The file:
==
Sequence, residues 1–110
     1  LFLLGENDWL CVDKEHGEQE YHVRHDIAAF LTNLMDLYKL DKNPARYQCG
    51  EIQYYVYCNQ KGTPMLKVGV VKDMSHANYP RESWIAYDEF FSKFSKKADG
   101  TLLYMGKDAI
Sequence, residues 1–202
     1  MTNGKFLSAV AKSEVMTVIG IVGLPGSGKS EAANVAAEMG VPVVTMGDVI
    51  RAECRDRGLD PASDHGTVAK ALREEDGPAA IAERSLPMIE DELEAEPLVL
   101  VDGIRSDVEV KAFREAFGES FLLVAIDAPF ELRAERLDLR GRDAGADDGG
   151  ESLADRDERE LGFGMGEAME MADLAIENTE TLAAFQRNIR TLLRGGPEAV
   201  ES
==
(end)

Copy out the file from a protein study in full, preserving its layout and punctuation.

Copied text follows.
Sequence, residues 1–110
     1  LFLLGENDWL CVDKEHGEQE YHVRHDIAAF LTNLMDLYKL DKNPARYQCG
    51  EIQYYVYCNQ KGTPMLKVGV VKDMSHANYP RESWIAYDEF FSKFSKKADG
   101  TLLYMGKDAI
Sequence, residues 1–202
     1  MTNGKFLSAV AKSEVMTVIG IVGLPGSGKS EAANVAAEMG VPVVTMGDVI
    51  RAECRDRGLD PASDHGTVAK ALREEDGPAA IAERSLPMIE DELEAEPLVL
   101  VDGIRSDVEV KAFREAFGES FLLVAIDAPF ELRAERLDLR GRDAGADDGG
   151  ESLADRDERE LGFGMGEAME MADLAIENTE TLAAFQRNIR TLLRGGPEAV
   201  ES